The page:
The RECOMB/ISCB Conference on Regulatory and Systems Genomics, with DREAM Challenges and Cytoscape Workshops is running this week in San Diego.
A bunch of us from Sage Bionetworks are here to connect with the DREAM community. In introductory remarks, Stephen Friend framed the challenges as piloting new modes of collaboration and engagement addressing multidimensional problems based on the idea that open innovation will trump closed silos.
Lincoln Stein: The Future of Genomic Databases
I first heard Lincoln Stein speak at an O'Reilly conference in 2002, on building a bioinformatics nation. The same themes of openness and integration reappeared in Stein's talk on The Future of Genomic Databases.
Stein asks, "Open Data + open source = reproducible science?" Not exactly. Stein presents some emerging solutions to the remaining obstacles: big data sets, complex workflows, unportable code and data access restrictions.
Cloud computing, specifically colocation of data and compute, enables handling big data. Containers (ie Docker) address the problem of code portability. The Global Alliance is working towards providing APIs both to encapsulate technical complexity and to provide a control point at which to enforce restrictions.
In case we're wondering what to do with all the machine cycles made available by Amazon and Google, bioinformatics workflows are growing in complexity. Workflow managers like Seqware and Galaxy provide a formalized description of multistep processes and manage tools and their dependencies.
Legal restrictions hinder data integration. But, donors want their samples to contribute to research. Licensure for data access combined with uniform consent could reduce the friction resulting in a streamlined data access process. On the other hand, technical solutions involve homomorphic encryption and agent based federated queries.
As a parting thought, Stein notes that digital infrastructure enables experiments in incentive structures and economic models, citing micropayments, ratings, and challenges.
Andrea Califano spoke on the genotype to phenotype linkage in cancer. Thinking of the cell as an integrator of signals, Califo's group traces from gene or protein expression signatures of cell states (normal, neoplastic, metastatic) back through the network to the master regulators responsible for that signature. One related paper is Identification of Causal Genetic Drivers of Human Disease through Systems-Level Analysis of Regulatory Networks.
Paul Boutros Somatic Mutation Calling Challenge
Paul Boutros presented the Somatic Mutation Calling Challenge (SMC-DNA). He announced the intention for the SMC challenges to become a living benchmark, an objective standard against which future methods will be tested.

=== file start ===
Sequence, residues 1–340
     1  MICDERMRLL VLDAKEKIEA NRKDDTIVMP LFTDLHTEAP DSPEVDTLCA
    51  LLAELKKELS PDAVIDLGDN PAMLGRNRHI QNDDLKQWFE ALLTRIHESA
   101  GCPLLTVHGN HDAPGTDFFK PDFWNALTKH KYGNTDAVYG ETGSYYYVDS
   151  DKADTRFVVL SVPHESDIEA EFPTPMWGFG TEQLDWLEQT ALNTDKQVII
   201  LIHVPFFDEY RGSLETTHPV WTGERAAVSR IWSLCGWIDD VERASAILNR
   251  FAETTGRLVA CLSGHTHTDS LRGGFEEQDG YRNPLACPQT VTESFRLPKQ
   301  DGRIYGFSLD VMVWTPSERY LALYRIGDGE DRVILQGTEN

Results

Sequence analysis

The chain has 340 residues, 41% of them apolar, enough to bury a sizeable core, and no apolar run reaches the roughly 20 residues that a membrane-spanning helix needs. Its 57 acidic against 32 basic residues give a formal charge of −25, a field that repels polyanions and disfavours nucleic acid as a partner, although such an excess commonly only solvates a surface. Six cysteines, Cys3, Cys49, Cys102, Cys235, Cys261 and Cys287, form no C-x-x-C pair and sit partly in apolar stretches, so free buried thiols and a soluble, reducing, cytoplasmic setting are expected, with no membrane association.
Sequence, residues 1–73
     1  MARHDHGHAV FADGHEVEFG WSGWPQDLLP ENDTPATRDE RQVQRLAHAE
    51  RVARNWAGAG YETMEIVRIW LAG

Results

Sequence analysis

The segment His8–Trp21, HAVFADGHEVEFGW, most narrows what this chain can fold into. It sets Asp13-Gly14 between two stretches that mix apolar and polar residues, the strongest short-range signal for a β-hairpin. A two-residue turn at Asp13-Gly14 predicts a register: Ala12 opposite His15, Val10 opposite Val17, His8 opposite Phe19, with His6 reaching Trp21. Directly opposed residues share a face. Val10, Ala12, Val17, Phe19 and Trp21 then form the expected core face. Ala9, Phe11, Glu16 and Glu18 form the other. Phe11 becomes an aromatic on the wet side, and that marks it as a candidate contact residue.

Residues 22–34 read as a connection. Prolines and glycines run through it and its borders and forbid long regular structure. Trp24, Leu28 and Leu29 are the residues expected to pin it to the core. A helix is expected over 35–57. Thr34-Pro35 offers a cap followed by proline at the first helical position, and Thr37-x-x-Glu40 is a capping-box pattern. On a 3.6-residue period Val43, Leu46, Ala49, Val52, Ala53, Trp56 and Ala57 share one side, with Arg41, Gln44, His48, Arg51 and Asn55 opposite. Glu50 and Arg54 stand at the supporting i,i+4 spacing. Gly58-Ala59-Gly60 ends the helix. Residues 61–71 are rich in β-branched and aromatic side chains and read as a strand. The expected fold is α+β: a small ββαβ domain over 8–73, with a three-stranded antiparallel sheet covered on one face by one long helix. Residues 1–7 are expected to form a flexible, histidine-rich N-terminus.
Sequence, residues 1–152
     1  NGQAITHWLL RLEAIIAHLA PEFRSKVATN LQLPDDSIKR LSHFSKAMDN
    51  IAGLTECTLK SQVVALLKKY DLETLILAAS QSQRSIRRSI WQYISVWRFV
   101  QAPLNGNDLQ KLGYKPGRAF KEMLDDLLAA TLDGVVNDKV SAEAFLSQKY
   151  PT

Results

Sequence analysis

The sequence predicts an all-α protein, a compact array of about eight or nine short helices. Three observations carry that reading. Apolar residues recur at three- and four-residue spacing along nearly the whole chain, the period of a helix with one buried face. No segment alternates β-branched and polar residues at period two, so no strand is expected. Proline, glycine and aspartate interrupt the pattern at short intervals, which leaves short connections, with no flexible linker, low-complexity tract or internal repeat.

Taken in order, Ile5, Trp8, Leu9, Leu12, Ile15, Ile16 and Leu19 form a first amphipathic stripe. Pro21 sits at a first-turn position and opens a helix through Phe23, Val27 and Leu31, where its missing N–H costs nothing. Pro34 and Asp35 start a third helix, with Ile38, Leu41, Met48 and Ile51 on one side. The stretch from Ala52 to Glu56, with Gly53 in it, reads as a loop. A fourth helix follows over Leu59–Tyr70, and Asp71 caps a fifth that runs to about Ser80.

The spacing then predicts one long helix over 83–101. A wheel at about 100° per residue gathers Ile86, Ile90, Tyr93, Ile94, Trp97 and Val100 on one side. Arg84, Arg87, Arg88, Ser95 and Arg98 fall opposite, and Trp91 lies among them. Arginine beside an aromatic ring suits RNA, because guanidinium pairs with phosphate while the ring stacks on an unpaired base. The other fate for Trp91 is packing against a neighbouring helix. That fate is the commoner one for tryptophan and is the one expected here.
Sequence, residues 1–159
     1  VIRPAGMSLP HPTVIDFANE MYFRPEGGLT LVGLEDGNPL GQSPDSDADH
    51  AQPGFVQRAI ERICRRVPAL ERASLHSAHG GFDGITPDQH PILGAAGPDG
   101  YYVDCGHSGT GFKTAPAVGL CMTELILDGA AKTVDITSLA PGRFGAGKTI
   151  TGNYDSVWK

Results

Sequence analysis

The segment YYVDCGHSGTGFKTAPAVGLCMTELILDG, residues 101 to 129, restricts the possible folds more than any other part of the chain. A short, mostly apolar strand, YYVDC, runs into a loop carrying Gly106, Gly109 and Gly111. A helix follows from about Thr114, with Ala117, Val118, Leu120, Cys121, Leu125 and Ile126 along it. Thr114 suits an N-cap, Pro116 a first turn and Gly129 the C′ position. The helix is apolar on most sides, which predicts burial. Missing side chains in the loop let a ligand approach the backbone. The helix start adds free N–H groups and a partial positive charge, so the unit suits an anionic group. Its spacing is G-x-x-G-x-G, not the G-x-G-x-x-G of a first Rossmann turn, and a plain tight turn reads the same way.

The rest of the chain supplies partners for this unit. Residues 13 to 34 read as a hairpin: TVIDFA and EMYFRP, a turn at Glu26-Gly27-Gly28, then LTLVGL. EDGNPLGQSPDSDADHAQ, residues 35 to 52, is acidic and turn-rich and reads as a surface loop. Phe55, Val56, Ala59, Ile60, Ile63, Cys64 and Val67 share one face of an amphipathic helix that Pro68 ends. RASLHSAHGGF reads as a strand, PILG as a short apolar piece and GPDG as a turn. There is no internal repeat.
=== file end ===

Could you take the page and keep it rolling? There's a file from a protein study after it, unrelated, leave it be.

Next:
Paul also crowned the Broad Institute's MuTect (single nucleotide) and novoBreak (structural variants) by Ken Chen's lab at MD Anderson the winners of the synthetic tumor phase of SMC-DNA. The plan is to announce winners on real tumor data in February after experimental validation.
The SMC challenge is a bit unique for DREAM in its level of specialization. In the other challenge, a couple of methods were highlighted: Gaussian process regression and dictionary learning for sparse representation.
But, increasingly, the main differentiator is application of biological domain knowledge, especially with respect to selecting and processing features. Li Liu of Arizona State's Biodesign Institute, for example, won part of the Accute Myoloid Leukemia challenge by weighting proteins based on their evolutionary conservation.
Another theme is that genetic features seem to have poor signal compared to more downstream features, gene expression or clinical variables. Peddinti Gopalacharyulu, a top performer in the Gene Essentiality Challenge, commented that perhaps the way to use genetics is to extract the component of gene expression that is not explained by genetic features.
Two of the Dream 9.5 challenges are follow-ups to the Somatic Mutation Calling challenge from the 8.5 round. The SMC empire expands into RNA and tumor heterogeneity. In the olfaction challenge, the goal is to predict, from molecular features, odor as described by human subjects. The Prostate cancer challenge asks participants to classify patients according to survival using data sourced from the comparator arms of clinical trials.
For the DREAM 10 round, there's an imaging challenge in the works and a sequel to the ALS challenge challenge from DREAM 7.
On to RECOMB
That's just the DREAM part of the meeting, or, really, the subset that fit into my brain. As an added bonus, there were several representatives from Cytoscape-related projects and some conversation about the Global Alliance for Genomics and Health.